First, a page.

Self- help skills are equally as important and promote children’s independence and their sense of responsibility. Self help skills can include children dressing/undressing themselves, putting their shoes on, toileting themselves, eating from their lunchboxes at eating times and recognising when they need help and asking for it. Acquiring these skills are first and foremost the most important for each child, and if a child is not confident in these then other areas of academic learning will fall behind as they will be focused and concerned on how they are feeling and what they can and cannot do. This is why educators are consistent in promoting children’s independence and abilities to care for themselves, to an appropriate degree. This can include children being encouraged and supported to brain storm and come up with solutions to their own problems, to clean and tidy up after themselves and to take care of their own belongings.
When looking at language and literacy education, this learning is embedded into daily practices and routines. Engaging in group times is a routine activity that occurs each day, and includes reading stories, singing and dancing, sharing ideas and ongoing discussions. Being subjected to each of these promotes children’s language skills, their print awareness and their understanding that written words come together to serve a purpose and to send a message. It also promotes their listening and receptive skills, another important skill for big school as following directions and instructions occur during these times. Children are also encouraged to sign in to the rooms each day and to write their own names on their work. While name writing is a great skill to have before commencing school, it is more important for children to be able to recognise their name as their own and be able to make the connection between their name and their own belongings. Being able to keep track of their belongings and identifying them is very important in kindergarten, as there will be a lot more children and a lot of other people’s belongings that are like their own. Not being able to do so can cause feelings of being overwhelmed and uncertain and can again impact your child’s ability to focus and be confident learners in school.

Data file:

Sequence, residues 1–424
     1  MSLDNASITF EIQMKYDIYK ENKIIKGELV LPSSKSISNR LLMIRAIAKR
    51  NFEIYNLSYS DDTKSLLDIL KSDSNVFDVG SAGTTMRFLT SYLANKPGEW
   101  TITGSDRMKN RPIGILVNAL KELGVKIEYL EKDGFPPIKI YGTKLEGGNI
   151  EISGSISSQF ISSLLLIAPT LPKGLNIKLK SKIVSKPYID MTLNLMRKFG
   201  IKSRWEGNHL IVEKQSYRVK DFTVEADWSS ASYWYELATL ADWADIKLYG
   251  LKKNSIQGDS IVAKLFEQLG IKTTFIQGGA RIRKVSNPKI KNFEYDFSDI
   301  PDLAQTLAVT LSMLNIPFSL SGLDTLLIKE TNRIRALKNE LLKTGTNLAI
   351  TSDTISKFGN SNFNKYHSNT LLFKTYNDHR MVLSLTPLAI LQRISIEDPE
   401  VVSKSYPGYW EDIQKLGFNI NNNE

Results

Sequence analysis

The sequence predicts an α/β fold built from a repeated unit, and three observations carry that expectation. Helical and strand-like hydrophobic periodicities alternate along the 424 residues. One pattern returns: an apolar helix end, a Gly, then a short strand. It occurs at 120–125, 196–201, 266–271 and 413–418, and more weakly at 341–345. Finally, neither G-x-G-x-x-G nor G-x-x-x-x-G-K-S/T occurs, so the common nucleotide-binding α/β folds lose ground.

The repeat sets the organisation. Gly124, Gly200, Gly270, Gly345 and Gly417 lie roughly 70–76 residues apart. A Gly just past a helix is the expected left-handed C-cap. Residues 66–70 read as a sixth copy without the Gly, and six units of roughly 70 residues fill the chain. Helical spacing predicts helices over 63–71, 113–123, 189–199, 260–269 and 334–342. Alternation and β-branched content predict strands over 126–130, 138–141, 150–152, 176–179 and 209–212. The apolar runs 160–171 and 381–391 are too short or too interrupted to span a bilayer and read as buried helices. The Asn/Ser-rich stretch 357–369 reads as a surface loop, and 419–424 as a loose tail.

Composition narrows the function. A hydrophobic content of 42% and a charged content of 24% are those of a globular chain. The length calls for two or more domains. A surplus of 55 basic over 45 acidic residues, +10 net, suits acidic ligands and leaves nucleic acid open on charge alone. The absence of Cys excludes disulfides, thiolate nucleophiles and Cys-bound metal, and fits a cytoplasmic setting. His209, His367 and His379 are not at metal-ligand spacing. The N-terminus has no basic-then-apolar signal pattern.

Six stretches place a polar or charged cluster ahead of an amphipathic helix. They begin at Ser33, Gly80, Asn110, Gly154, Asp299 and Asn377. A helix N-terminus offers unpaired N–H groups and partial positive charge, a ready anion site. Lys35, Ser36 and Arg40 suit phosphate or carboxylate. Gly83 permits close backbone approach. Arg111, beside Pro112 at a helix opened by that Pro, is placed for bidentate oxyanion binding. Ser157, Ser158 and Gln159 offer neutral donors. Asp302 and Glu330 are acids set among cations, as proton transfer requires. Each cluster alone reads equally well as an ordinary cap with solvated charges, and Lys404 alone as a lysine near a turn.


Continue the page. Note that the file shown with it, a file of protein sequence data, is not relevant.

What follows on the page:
Mathematics and numeracy are part of children’s lives each day. There are endless learning opportunities and teachable moments for this, and is doesn’t only require learning to count. Mathematics is inclusive of things such as shape and colour recognition, counting and number recognition, sequencing, matching, sorting, patterning as well as measurement. Exploring with these mathematical concepts are available to each child each day and in every learning environment. Inside activities such a painting can encourage colour recognition as well as creating patterns. Building with blocks encourages their concentration as well as understanding geometry, measurement and balance. Group time discussions promote counting and number recognition as well as learning from others. In the outdoor environment, engaging with water and sand encourages learning about mass, weight, and other forms of measurement.